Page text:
Kroger (KR ), No. 1 in U.S. grocery-chain sales, with 2,500 supermarkets in 32 states, is taking a leaf from the book of its nemesis, Wal-Mart Stores (WMT ). Starting with 23 outlets (in Arizona, Ohio, and Utah), it is adding higher-margin nonfoods, such as toys, furniture, and bedding. Kroger has suffered from Wal-Mart's incursion into the food business. Now, Kroger is on a "fundamental turnaround," says Scott Kuensell of Brandywine Asset Management, which owns stock. He notes that Kroger is starting to raise grocery prices and fatten margins, which shrank during Kroger's former price-cutting. Its stock -- stuck since August between 15 and 17, where it is now -- has been stymied by a strike in Southern California (now settled) and fierce competition. The stock is a bargain, says Kuensell, trading at just 12.5 times his 2006 earnings forecast of $1.35 a share, up from 2005's estimated $1.11 and 2004's 42 cents. His 12-month target is 25. Kuensell says Kroger is likely to beat analysts' estimates. According to Zacks Investment Research, the 2006 mean estimate is $1.25. John Heinbockel of Goldman Sachs (GS ), which has done banking for Kroger, says nonfoods, which are boosting sales, hold growth potential for Kroger, which "remains our preferred food retail investment." He rates the stock "outperform."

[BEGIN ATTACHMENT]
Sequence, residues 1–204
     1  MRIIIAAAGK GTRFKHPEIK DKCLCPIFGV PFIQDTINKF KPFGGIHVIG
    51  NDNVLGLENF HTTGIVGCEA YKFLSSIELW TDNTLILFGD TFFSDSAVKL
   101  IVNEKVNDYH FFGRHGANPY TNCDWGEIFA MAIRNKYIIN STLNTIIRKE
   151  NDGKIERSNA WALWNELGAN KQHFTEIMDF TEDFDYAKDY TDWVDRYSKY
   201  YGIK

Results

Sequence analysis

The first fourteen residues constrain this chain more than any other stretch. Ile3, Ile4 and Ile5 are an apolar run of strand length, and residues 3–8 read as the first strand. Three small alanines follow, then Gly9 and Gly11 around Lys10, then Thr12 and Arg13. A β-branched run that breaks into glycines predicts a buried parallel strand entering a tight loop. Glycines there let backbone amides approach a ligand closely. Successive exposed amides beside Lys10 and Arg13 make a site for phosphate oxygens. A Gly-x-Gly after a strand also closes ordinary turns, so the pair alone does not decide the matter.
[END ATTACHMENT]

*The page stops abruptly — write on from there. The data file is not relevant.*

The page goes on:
Note: Unless otherwise noted, neither the sources cited in Inside Wall Street nor their firms hold positions in the stocks under discussion. Similarly, they have no investment banking or other financial relationships with them.
By Gene G. Marcial